While farmers are broadly welcoming this week’s rain, some will benefit more than others.
South East Local Land Services (SELLS) agricultural adviser, Matt Lieschke said the drop, ranging from 24 to more than 53mm across the district, would have varying impact on soil moisture levels.
“Crookwell and Taralga are at higher elevations and have had enough rain this spring to get pasture growth. This will only add to that,” he said.
“But once you get to Goulburn and Gunning, particularly Gunning where the pasture has gone off, the benefit won’t be as great.”
But at least in those areas the drop would help replenish dams, which had been a big concern of late.
SELLS, in collaboration with Tablelands Farming Systems, installed soil moisture probes around the district in 2016 and 2018. They give valuable insight into growing conditions and allow farmers to judge feed availability.
Following this week’s rain, they showed that Bannister was faring best with 85 per cent moisture at a 10cm depth and 64pc moisture at 60cm. The area received 32mm on Wednesday. Taralga scored 53mm and had 61pc moisture level at 10cm but just 22pc at 50cm depth. Lake Bathurst received 25mm and while this reached the top 20cm of earth, it had little impact (5pc) at 60cm. (See graph below)
Although good rain fell in August it was followed by a dry September which had hurt areas like Gunning, Lake Bathurst, Tarago and Bungonia, already doing it tough.
Mr Lieschke said beef producers had done it harder than sheep graziers. Sheep could more easily reach the shorter green pick but beef growers had forked out big money on fodder.
“They will offload cattle to reduce feeding costs towards summer but around Taralga and Crookwell, they may hang on to them a bit longer,” he said.
“...I think we will see a bigger reduction in breeding cattle but with sheep, the strong prices for mutton and lamb are helping to absorb the feeding costs.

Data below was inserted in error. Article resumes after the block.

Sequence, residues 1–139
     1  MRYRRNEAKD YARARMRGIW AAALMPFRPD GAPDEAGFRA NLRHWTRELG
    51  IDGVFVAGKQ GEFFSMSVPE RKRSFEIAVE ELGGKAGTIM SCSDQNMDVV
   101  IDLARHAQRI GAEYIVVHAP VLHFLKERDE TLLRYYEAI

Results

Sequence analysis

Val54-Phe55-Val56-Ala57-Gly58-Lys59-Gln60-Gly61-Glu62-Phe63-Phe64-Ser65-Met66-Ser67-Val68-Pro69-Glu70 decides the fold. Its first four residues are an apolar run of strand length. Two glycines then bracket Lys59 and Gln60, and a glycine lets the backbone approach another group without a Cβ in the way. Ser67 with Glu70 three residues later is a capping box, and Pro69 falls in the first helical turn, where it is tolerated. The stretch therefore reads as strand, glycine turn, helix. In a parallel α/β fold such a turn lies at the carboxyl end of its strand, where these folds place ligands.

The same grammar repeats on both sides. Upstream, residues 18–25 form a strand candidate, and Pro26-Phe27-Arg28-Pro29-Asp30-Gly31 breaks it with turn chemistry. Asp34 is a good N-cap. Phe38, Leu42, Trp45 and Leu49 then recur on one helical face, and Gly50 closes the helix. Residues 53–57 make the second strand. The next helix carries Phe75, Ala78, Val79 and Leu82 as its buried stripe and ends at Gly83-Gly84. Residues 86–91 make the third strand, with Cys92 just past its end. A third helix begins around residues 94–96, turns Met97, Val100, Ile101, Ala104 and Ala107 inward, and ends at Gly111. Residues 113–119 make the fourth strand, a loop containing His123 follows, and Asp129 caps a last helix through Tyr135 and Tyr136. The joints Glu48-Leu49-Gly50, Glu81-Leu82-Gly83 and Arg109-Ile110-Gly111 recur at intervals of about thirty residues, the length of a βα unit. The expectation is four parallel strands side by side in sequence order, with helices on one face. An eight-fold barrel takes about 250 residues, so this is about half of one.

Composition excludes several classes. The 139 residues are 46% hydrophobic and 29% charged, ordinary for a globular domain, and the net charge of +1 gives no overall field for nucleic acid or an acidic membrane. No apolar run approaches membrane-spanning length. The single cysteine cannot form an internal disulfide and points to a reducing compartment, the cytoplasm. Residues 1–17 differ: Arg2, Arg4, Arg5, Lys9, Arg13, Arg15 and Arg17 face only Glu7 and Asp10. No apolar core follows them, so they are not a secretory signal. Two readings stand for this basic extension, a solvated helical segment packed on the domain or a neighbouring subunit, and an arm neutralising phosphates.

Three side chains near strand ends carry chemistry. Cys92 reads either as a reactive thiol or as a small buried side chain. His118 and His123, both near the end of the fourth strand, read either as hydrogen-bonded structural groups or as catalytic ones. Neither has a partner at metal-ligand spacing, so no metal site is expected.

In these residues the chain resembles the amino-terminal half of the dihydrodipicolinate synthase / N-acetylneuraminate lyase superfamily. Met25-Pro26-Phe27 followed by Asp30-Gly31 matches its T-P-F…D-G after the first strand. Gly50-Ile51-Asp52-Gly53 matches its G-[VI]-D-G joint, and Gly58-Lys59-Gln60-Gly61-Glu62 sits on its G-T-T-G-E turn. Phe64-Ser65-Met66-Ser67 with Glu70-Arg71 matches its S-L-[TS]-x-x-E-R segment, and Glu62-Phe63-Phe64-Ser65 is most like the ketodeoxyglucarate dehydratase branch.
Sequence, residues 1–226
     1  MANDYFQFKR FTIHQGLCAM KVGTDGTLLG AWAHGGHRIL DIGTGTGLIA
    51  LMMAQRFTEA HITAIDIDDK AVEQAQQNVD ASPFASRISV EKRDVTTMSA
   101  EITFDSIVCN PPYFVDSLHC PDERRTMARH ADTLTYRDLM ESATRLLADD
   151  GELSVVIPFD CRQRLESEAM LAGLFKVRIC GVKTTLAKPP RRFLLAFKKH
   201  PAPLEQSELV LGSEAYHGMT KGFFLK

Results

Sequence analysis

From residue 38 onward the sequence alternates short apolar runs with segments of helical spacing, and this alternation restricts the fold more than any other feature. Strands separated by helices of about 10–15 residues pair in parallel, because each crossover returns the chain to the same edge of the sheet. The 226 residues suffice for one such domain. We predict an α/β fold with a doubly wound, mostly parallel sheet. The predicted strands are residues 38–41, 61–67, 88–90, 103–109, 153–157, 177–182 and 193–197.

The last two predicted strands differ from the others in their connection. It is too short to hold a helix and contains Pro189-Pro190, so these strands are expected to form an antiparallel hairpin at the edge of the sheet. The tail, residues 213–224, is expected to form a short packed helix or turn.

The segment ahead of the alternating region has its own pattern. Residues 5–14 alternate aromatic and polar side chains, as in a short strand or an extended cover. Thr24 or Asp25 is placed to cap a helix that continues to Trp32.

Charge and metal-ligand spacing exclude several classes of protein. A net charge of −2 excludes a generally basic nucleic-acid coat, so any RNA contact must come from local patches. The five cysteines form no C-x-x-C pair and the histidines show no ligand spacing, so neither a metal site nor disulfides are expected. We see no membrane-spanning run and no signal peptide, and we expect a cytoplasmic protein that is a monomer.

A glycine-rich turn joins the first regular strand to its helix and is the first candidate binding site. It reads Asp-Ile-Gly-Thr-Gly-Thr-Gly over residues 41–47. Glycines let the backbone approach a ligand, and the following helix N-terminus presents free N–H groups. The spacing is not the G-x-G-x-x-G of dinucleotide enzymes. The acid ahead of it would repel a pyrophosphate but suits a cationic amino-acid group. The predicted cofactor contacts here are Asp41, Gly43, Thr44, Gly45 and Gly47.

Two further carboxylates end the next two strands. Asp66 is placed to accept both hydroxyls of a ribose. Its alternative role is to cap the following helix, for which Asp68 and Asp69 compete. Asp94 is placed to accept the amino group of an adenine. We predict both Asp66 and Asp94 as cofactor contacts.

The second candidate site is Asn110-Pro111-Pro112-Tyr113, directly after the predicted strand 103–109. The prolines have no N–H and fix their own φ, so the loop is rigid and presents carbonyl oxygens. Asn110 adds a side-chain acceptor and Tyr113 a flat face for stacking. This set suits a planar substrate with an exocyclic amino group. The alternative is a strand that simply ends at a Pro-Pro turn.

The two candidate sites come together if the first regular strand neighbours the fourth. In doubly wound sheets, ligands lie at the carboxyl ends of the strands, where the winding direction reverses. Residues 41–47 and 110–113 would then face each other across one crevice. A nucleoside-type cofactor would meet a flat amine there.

“I’m not getting a sense that there will be radical de-stocking of sheep. Producers see the value of hanging on to sheep for when the drought breaks because of the commodity prices. The only rider there is if graziers are forced into de-stocking because of water or labour (shortage). But with cattle, the economics are not as strong.
Mr Lieschke said the healthy stock prices were the main difference between this drought and the last when producers “couldn’t give sheep away.”
Goulburn has received 414mm this year, 164mm less than the yearly average to November, according to Weatherzone.
Meantime, the Bureau of Meteorology released its summer outlook on Thursday.
Manager of long-range forecasting Dr Andrew Watkins said it showed most of the country had an 80 per cent chance of exceeding normal temperatures over the next three months.
"Summer in Australia typically brings hot temperatures for many communities and the outlook indicates this summer will be no different," he said.
"We've already seen extremely hot temperatures through parts of north and central Queensland in recent days and this should act as an important reminder of the kinds of conditions we can get during an Australian summer.
"In terms of rainfall, the outlook shows a drier than average three months is likely for large parts of Western Australia, Queensland and the Top End of the Northern Territory. For the rest of the country there is no strong push indicating wetter or drier than average conditions.
"Having said that, locally heavy rainfall events similar to what we have seen in NSW in the last two days are always a possibility during summer, no matter what the outlook is showing."
The Bureau predicts there’s a 70pc chance of an El Nino forming in 2018, “roughly triple the normal risk.”
An El Niño typically brings drier and warmer conditions to eastern Australia but the rainfall effects tend to be less pronounced in the south during summer months, the Bureau says.
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